With the Great Lakes Restoration Initiative helping people like Bouressa make strides for water quality for over a decade, it begs the question why the Mississippi River doesn’t already have its own.
Among stakeholders, no one has a clear answer. But they suspect it’s because the states that border the river have different interests — and different problems, too.
“We hear a lot about ‘one river’ and connecting the upper and lower,” said Kirsten Wallace, executive director the Upper Mississippi River Basin Association. “But they’re so different.” Her association does not have a position on the Mississippi River legislation.
Initiatives that section off the river have been attempted before, said Maisah Khan, policy director at the Mississippi River Network, but until groups from across the basin can join together, the problems they’re working on won’t be solved. The dead zone was recorded at a record size just five years ago, for example.
“(The states) say, ‘We’re all trying our best on this,’ but letting each state try its best hasn’t really made anything better,” Khan said.
Mississippi effort could add $330M
The Mississippi River initiative funding — which participating organizations have estimated could be about $300 million — would fall into four main buckets. Those include improving water quality, restoring habitats, reducing the presence of invasive species and creating natural infrastructure to protect against flood damage.
In the two years after its passage, EPA staff would meet key stakeholders along the river — municipalities, tribal governments, nonprofit organizations and universities — to craft an action plan, identifying which projects should receive funding.
Alongside the action plan would be a science plan, which would create three regional hubs at universities in the 10 border states for research on the river’s challenges.
The current bill doesn’t outline specific projects that could be funded, and supporters hope that will make clear that communities get to drive it in the direction that works best for them.
In Bay City, for example, a multimillion-dollar Army Corps of Engineers project will dredge an access channel to connect its harbor to the lake again, as part of a larger habitat restoration effort. Though the city secured money for that without the initiative’s being passed, funding from the legislation could help the project get replicated on other parts of the lake, said Rylee Hince, executive director of the Lake Pepin Legacy Alliance.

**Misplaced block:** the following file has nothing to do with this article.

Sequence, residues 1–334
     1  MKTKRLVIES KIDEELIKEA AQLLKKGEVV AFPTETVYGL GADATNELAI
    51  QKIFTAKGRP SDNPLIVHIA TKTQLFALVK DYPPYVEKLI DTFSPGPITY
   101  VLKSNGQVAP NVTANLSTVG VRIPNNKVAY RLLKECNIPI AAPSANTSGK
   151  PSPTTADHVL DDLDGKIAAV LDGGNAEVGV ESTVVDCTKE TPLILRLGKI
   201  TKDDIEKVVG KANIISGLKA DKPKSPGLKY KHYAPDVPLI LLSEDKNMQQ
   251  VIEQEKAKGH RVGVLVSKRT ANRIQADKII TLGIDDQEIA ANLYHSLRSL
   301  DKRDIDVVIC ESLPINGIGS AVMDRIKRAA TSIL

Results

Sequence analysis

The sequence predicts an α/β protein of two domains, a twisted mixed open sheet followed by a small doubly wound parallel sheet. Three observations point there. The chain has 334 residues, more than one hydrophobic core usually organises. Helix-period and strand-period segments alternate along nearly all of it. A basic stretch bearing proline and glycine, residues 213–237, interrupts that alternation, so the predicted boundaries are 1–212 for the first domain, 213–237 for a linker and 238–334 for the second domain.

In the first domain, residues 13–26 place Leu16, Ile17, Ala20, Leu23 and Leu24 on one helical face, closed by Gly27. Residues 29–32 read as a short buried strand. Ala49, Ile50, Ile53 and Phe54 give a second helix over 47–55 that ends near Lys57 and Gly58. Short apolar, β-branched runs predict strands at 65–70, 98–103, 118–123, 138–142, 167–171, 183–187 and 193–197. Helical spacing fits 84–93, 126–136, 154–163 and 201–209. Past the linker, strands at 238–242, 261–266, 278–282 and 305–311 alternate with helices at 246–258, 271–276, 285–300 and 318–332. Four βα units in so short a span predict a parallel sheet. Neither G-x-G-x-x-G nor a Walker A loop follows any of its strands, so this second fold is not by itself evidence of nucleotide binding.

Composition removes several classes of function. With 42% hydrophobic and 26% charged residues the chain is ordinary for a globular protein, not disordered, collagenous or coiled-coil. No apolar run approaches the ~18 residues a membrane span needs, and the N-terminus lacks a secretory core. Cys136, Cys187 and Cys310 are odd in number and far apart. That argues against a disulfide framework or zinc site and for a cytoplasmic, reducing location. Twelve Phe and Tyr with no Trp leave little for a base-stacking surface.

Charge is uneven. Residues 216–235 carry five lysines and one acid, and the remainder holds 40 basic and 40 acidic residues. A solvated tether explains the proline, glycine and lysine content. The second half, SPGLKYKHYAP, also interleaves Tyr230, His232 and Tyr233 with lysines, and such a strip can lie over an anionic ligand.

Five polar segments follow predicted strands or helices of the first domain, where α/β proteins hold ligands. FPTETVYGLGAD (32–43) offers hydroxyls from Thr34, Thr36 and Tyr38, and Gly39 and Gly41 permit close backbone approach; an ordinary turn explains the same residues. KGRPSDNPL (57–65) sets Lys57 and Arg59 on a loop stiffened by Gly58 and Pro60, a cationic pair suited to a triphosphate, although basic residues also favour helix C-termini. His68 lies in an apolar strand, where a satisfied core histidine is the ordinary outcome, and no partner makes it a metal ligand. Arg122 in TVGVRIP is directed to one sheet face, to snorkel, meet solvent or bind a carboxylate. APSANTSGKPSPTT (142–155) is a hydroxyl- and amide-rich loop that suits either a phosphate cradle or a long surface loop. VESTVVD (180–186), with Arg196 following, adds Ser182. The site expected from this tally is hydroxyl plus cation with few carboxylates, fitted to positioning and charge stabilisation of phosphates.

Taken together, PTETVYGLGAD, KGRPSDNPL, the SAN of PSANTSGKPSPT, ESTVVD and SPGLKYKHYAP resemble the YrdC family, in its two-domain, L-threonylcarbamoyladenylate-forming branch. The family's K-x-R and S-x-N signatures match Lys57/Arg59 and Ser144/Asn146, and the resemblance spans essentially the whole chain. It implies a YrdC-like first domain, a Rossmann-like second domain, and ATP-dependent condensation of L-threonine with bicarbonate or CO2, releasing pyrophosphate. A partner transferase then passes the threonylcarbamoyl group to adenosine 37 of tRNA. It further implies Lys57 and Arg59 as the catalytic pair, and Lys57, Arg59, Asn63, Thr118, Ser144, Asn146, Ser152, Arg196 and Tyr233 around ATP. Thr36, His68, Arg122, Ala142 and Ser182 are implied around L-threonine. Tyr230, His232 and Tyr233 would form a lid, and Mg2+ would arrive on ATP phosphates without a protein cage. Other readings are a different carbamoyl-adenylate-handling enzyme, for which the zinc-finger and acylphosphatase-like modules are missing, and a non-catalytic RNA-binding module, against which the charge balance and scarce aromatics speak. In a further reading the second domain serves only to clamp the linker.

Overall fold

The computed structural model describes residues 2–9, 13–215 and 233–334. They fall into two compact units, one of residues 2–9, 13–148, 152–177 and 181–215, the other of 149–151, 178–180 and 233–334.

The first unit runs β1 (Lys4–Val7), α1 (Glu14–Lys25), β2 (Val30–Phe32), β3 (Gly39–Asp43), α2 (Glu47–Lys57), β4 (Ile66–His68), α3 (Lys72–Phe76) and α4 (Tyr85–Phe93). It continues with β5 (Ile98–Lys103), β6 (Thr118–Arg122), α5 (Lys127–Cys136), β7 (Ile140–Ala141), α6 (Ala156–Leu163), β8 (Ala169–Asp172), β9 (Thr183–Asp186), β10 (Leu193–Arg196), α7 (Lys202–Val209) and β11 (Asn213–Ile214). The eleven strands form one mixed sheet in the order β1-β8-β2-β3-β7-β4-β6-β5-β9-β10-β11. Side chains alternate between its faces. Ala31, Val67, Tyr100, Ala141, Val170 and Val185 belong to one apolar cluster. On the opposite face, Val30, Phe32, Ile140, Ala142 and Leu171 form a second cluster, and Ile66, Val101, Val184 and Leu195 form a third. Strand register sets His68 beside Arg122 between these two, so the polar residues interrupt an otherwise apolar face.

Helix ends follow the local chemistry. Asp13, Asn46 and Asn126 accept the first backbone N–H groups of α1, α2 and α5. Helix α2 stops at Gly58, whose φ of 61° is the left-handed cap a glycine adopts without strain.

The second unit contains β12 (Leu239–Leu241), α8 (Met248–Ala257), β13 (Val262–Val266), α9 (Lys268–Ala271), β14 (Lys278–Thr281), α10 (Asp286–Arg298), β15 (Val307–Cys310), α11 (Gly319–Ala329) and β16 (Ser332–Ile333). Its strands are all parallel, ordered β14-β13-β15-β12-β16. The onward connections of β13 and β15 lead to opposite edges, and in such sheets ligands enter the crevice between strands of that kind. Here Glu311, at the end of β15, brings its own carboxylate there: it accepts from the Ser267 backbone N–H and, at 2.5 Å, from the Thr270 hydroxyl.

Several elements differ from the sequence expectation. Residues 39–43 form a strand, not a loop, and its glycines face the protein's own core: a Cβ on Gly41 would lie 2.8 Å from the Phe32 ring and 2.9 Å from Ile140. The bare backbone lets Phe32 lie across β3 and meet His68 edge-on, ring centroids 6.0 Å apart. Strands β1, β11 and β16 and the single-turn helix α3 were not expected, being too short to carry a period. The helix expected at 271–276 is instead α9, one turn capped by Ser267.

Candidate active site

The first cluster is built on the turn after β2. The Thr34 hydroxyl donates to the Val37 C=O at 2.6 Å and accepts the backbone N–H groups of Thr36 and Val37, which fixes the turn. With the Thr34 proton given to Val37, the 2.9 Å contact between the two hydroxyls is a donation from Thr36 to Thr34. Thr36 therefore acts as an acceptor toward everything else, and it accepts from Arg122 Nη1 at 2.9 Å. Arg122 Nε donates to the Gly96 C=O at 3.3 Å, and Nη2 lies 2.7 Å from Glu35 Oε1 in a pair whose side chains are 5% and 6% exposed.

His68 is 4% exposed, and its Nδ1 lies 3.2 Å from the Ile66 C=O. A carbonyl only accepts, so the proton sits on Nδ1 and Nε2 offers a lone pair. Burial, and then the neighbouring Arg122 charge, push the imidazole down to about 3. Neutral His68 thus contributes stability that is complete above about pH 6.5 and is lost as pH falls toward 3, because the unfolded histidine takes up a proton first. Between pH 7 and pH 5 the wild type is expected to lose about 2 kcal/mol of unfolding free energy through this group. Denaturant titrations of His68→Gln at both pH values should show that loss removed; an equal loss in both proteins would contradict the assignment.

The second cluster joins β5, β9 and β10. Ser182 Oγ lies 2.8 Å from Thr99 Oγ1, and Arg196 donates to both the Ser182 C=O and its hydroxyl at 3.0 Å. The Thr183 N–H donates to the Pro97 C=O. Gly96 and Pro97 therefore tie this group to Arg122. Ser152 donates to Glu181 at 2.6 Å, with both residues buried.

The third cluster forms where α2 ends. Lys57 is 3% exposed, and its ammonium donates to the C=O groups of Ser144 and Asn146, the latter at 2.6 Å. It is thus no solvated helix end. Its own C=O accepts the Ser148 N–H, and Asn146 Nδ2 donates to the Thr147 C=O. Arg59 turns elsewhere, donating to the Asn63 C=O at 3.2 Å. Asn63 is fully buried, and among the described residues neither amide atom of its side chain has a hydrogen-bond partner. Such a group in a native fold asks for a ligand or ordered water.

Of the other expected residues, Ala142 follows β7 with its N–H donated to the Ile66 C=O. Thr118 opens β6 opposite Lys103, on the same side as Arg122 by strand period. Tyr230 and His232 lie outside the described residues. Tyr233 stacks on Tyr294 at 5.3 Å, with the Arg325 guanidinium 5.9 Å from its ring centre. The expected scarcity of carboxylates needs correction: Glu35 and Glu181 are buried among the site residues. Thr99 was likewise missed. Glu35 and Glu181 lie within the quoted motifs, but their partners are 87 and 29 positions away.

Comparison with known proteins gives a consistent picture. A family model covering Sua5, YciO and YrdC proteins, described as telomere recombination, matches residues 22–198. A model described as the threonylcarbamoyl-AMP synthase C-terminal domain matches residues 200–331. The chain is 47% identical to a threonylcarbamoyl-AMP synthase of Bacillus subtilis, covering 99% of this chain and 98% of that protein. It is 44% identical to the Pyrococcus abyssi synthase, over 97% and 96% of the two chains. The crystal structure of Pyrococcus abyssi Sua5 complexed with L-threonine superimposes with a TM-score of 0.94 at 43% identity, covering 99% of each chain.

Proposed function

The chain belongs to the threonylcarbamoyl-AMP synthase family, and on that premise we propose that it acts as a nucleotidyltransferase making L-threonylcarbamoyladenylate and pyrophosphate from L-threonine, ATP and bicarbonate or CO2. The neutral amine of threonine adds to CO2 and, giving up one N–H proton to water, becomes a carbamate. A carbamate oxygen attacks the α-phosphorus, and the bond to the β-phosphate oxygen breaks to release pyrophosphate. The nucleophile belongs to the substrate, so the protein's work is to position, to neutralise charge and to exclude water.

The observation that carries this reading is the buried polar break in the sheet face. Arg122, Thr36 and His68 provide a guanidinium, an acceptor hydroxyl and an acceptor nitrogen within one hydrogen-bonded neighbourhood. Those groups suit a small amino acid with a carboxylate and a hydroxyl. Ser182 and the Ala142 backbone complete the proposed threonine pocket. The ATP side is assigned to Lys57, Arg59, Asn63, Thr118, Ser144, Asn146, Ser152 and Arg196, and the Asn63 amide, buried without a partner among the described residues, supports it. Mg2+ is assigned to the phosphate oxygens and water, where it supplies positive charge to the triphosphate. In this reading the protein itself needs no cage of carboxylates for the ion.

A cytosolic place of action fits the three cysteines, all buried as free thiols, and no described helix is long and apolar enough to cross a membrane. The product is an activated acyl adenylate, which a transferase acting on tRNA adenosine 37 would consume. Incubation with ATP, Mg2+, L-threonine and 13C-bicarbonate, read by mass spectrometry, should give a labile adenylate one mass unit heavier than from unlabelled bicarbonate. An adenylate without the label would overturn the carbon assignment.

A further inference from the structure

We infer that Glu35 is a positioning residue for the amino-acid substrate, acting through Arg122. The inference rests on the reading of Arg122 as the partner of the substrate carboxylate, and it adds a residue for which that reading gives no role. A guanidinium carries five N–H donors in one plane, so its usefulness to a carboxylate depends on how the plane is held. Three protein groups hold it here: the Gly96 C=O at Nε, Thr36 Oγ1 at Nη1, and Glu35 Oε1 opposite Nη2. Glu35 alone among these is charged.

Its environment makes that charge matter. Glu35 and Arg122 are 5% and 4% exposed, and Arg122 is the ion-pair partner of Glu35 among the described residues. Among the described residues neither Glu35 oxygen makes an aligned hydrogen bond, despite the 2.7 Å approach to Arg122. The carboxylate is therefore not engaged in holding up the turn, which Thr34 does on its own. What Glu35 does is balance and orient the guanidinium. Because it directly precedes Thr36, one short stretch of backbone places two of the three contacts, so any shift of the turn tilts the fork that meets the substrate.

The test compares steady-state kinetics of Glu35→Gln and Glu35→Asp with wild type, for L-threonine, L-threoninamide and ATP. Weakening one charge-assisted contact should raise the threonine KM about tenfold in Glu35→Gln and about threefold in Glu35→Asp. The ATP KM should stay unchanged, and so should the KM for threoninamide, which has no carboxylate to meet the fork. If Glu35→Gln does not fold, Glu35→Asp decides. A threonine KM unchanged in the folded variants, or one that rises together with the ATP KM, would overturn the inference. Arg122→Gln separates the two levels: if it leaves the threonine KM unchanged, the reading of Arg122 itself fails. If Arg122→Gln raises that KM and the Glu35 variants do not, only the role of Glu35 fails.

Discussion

The financial investment, coupled with local control, could be a gamechanger for small river towns that don’t often see federal dollars come along, Hince said.
Farther down the river, the Tennessee Wildlife Federation is hoping for more dedicated funding to help block invasive carp from coming out of the Mississippi River into the Tennessee and Cumberland rivers. It has been working for years to secure money for those projects from federal appropriations, said Lindsay Gardner, associate director of policy research, development and federal relations.
“You have to work that appropriations cycle every year, and it’s uncertain how much money you’ll get,” Gardner said.
As a part of the Mississippi River initiative’s proposed action plan, 35 percent of the funds would be directed toward disadvantaged or low-income communities and communities of color, which disproportionately experience the effects of runoff pollution, low-quality drinking water and severe weather events.
"When you wall in rivers in one place, the river squeezes out of its banks somewhere else," said Trevor Russell, water program director for the nonprofit Friends of the Mississippi River. "It generally falls on those who are least able to protect themselves from it.”
According to Khan, with the Mississippi River Network, one key lesson from the Great Lakes initiative is embedding that equity into the process from the beginning.
What happens next?
Over 100 businesses, organizations and local and state politicians have endorsed the Mississippi River initiative, as well as nine Democratic co-sponsors. No Republicans have signed on.
Advocates say GOP members have privately expressed support but want others in their party to sign on first — a sign of the politically difficult climate in Washington. The clock is also ticking on a congressional session with loads of other priorities — as well as the midterm elections — to contend with.
In an email, McCollum — the primary sponsor — wrote that she is working to win passage during the current session but that there are “many critical issues that need to be addressed in the remaining legislative days.”
Khan said she begins each pitch about the initiative by underscoring that it’s a voluntary program, not a regulatory one. As such, she said there’s not been much disagreement about the importance something like this could have.
When the Great Lakes initiative was reauthorized in 2019, nearly half of the co-sponsors were Republicans.
“People on both sides want to see more investments in the Great Lakes,” Khan said. “And I think that's what we're hopeful for in the Mississippi River.”
Madeline Heim and Caitlin Looby are Report for America corps reporters who write about environmental challenges in the Mississippi River Basin and the Great Lakes, respectively. Contact them at email@example.com and firstname.lastname@example.org. This story is a product of the Mississippi River Basin Ag & Water Desk, an editorially independent reporting network that includes The Gazette, based at the University of Missouri School of Journalism in partnership with Report For America and funded by the Walton Family Foundation.